Alisar Mustafa, a political science major and Middle Eastern studies minor at San Francisco State University, is no stranger to the plight of the Syrian people – she spent the first 14 years of her life in Damascus.
“Education in Syria,” says Mustafa, “I mean, they’re really good on sciences, but really on anything that is political, anything that is historical…it’s not really good because it’s propaganda. You have classical nationalism literally to learn about how great the government is.”
Mustafa’s father, a former prisoner of war, had to secretly barter with a book salesman on the President’s Bridge in Damascus to get her and her siblings non-biased reading material. “Every month my dad would give us these huge boxes of books to read and … I think that was a really big transformative point of my life, because I don’t remember not having a book to read since I was a kid,” she says.
Because education formed a firm foundation for her and her family, Mustafa believes that, once refugees receive basic needs such as food, water and shelter, the next step should be making sure the youth have access to education.
Says Mustafa, “That’s really what keeps me going…I want them to be able to have that hope, at least the kids who want education, to exit that vicious cycle of war—having psychological issues and not being able to get education—then not being able to get work because you don’t have education.”
Hearts for Syria
In high school, Mustafa advocated for refugee youth on the individual level by translating for them at elementary schools. Currently, she is devoted to building a wider coalition of financial and emotional support by engaging fellow students.
To facilitate this, she used her experience as a resident assistant and event director of the Political Science Student Association to start the Hearts for Syria panel series, which educates students about the Syrian civil war and refugee crisis.
“I wanted to have a positive connotation toward it…I know it’s a tragedy and it’s a crisis, but I think the problem is that we’re calling it a problem, which it is, it is a crisis and all of that, but also, I think that’s the point. Education should be the positive part of being in a refugee camp,” says Mustafa.
Her Feelings about “Clicktivism”
One of the major challenges about Mustafa’s work is motivating Americans to get off of social media and into the world, or at least their wallets.
“Social media is a good way to mobilize,” she says, “but it’s just a facilitating tool. I invite all of those people to show up to events like mine, or to donate or volunteer, but that’s the most frustrating thing—seeing a lot of people caring and having good intentions, but not showing up to the programs.”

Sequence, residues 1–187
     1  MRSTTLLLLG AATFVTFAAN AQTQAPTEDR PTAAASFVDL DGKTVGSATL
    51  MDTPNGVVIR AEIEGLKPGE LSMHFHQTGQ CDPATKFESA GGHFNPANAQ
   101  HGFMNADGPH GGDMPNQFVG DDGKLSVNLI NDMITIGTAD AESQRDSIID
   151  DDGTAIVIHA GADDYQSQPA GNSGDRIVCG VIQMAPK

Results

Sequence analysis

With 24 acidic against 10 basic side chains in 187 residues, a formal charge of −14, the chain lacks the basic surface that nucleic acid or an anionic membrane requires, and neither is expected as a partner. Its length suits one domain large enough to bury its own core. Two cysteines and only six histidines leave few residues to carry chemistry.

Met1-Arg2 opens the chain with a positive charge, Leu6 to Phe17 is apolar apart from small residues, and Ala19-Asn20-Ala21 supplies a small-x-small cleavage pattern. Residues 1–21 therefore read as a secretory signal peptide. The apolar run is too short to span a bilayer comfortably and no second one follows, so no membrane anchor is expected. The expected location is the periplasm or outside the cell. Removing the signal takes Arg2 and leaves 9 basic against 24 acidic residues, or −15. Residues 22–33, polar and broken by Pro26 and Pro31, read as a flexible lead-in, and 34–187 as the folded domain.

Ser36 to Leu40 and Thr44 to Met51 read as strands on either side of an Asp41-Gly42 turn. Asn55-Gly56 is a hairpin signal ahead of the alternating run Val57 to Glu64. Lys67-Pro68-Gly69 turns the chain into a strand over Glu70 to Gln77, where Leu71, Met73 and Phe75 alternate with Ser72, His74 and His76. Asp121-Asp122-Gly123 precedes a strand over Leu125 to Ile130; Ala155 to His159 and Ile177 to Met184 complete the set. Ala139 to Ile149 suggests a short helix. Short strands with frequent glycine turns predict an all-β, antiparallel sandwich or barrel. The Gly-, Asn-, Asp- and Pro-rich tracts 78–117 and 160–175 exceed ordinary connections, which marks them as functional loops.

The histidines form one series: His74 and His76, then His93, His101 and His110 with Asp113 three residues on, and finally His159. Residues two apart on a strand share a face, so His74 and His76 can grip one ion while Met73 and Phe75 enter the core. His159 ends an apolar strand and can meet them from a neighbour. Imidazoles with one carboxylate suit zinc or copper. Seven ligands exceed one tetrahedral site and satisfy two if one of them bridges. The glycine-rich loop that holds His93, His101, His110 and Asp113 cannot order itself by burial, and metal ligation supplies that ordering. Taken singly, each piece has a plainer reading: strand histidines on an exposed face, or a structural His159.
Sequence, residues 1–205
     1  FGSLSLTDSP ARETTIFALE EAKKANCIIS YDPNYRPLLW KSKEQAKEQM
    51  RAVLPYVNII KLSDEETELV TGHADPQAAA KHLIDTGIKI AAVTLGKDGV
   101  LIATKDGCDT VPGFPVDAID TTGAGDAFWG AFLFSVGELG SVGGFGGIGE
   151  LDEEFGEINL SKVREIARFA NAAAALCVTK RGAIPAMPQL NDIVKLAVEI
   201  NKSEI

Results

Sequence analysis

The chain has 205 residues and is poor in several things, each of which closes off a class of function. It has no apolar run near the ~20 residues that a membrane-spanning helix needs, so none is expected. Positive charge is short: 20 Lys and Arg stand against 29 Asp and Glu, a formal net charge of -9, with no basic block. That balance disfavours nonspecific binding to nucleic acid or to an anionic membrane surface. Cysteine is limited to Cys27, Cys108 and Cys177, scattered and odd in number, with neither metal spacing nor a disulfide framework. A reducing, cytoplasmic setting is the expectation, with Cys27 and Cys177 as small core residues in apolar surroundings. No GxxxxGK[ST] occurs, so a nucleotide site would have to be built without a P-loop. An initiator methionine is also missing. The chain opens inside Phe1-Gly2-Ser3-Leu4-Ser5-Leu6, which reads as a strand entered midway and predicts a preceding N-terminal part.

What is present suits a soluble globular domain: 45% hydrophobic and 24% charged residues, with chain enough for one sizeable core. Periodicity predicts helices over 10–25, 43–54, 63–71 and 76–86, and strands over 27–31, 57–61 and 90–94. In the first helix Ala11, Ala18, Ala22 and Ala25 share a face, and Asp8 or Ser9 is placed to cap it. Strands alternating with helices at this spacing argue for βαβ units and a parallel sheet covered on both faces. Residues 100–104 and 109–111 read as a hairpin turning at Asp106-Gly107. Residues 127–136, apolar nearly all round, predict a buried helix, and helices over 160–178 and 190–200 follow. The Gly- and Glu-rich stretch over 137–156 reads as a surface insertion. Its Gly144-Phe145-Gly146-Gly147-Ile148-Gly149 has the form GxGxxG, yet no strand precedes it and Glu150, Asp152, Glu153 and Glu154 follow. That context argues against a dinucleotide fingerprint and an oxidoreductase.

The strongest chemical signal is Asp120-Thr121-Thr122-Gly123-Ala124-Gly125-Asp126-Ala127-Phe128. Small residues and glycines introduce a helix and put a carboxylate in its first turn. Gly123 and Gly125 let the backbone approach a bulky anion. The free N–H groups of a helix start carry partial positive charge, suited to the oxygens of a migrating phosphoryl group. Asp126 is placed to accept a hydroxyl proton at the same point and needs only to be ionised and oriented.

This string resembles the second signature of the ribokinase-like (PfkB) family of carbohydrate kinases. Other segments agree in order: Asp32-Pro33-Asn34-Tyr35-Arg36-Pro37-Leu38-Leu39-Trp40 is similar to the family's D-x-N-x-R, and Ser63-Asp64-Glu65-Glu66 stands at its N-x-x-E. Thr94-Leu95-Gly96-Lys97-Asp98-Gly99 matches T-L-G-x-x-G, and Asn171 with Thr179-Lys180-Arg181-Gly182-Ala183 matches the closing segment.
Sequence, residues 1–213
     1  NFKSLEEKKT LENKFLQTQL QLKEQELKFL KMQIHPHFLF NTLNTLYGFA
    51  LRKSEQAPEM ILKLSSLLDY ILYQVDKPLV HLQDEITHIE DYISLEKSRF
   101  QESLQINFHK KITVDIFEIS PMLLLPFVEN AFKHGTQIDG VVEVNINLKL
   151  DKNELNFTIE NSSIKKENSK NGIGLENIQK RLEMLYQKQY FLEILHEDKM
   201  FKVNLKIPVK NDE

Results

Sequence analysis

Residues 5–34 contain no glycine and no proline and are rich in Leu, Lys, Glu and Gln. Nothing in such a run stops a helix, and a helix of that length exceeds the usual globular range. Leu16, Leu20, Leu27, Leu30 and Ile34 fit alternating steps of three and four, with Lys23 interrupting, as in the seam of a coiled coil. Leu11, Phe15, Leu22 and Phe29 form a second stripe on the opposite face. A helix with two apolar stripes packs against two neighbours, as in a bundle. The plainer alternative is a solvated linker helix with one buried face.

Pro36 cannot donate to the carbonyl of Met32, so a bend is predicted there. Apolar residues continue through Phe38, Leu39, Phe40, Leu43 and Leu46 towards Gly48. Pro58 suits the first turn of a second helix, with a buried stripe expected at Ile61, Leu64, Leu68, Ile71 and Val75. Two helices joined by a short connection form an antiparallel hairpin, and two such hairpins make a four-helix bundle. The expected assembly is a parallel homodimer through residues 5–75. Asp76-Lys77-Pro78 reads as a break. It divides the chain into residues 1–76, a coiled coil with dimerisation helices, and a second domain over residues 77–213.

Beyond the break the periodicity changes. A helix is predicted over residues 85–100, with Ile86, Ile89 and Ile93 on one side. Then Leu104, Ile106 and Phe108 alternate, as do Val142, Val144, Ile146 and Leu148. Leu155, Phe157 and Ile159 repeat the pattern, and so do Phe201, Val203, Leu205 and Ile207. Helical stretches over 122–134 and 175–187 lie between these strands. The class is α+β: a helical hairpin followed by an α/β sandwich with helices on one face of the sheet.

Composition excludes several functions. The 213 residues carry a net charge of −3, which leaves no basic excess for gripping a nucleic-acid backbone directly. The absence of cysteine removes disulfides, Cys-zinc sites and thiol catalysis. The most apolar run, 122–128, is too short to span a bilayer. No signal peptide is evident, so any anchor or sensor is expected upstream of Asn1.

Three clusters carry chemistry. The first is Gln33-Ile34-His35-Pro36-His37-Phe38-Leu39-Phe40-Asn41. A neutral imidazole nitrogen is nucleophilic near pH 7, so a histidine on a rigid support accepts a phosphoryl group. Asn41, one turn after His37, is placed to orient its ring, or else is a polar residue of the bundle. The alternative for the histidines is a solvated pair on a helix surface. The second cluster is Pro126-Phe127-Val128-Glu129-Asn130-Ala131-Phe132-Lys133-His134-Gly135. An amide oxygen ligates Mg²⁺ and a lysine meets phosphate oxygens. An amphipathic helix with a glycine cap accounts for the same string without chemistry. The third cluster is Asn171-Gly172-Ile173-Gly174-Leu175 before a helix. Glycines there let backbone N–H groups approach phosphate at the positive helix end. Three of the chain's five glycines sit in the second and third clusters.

Her Struggle to Be Non-Biased
Mustafa has also faced opposition from within the social justice community.
“I started reaching out to local orgs in San Francisco,” she explains, “and they didn’t want to help because I was fundraising for UNICEF.
“The United Nations is giving aid to the government in Syria, but that’s how the United Nations works. The United Nations can’t be biased. [If] they go into Syria, they’re going to have to give aid to all parts of Syria, not just the rebel-held. That was really really frustrating, because I’m trying to do something that is non-biased.”
Struggles aside, Mustafa has found a number of allies to help her in this difficult work, including professors and a UNICEF representative named Chandni Jain, who regularly speaks at her events.
“It’s really hard to organize, so when you actually find people who are really into it…it’s good to have that support.”
Her Future Plans and Fears
That support will come in handy as Mustafa anticipates increased challenges under the Trump administration.
Says Mustafa, “It’s probably going to intensify the work I’m doing. The thing I’m worrying about more is the xenophobia that’s going come out of this…the policy, I think, is gonna stay the same. It’ll be really hard to get the refugees to come here, but I’m worried more about the racism that’s going to come about because of it, the personal attacks that all the refugees are gonna have.”
Mustafa’s work will indeed intensify in the upcoming years, as she plans on attending law school to study international law. But she’s not waiting until graduation to step up her advocacy work—instead, she and her friend are opening a nonprofit.
“We’re going to talk about it over winter break, finalize it, figure out what we need to do,” says Mustafa. “We want it to be specific to education for Turkish refugee camps, because we think they are the most impacted kids, and also it’s the safest space where we can actually go in and help.”